An information literacy source-book

One of the things about being a Research [read: Reference] Librarian, is that you regularly get to see a lot of guidebooks, handbooks, and various resources for other departments, but not so many for the library.  As far as my personal use of Reference books,  I only use what I use.  That is, if I need the book for instruction ideas, or for a guideline for best practice, the book is probably not put back on the shelf- it’s probably sitting in a pile close by, at the ready for my instant use! If it’s sitting on a shelf, I may not ever get around to referring to it – especially if it comes to instruction.  If it doesn’t have more that one sticky-note lodged in it’s pages, it probably isn’t a very good resource for me.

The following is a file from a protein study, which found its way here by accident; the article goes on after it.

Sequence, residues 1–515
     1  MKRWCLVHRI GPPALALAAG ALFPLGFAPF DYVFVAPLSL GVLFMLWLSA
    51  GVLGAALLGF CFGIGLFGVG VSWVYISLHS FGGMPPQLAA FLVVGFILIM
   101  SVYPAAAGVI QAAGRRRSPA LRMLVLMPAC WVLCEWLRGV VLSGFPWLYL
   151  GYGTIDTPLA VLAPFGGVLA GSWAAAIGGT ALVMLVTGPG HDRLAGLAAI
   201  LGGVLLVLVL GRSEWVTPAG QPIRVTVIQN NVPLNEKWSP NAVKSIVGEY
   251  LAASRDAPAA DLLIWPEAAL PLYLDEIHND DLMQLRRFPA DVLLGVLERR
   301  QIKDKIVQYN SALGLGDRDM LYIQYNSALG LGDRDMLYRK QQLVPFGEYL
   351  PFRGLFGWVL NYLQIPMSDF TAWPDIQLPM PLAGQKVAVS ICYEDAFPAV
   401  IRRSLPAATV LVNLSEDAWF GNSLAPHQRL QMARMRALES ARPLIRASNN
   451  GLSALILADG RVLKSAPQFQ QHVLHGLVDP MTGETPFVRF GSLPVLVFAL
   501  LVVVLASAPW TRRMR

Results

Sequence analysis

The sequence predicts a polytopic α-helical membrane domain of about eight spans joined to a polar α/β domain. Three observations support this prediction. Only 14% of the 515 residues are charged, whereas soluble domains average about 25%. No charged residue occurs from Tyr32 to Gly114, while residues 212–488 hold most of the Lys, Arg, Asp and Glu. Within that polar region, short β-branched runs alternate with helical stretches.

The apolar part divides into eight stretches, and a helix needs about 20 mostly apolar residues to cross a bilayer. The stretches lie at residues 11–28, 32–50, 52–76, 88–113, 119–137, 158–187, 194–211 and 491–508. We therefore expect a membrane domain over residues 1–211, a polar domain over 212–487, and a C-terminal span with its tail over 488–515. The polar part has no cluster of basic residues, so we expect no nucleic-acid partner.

So I thought it good practice to put two titles that I use regularly, for inspiration and practice:

Cook, Douglas & Ryan L. Sittler. Practical Pedagogy for Library Instructors: 17 Innovative Strategies to Improve Student Learning. Chicago: ACRL, 2008. Print.

Burkhardt, Joanna M., Mary C. MacDonald, Andree J. Rathemacher. Teaching Information Literacy: 50 Standards-based Exercises for College Students. Chicago: ALA, 2010. Print.

Now, I don’t have to plug the Teaching book, just because it’s authors work at URI (Alum-Pride-woot-woot!), but I also have the older version of this book from 2003, and it isn’t quite as good.  They have made lot of improvements in layout and relevancy in the lessons presented.  It is really a great resource for any instruction library.

Do you have any great resources that you use everyday? I’d love to hear from you!

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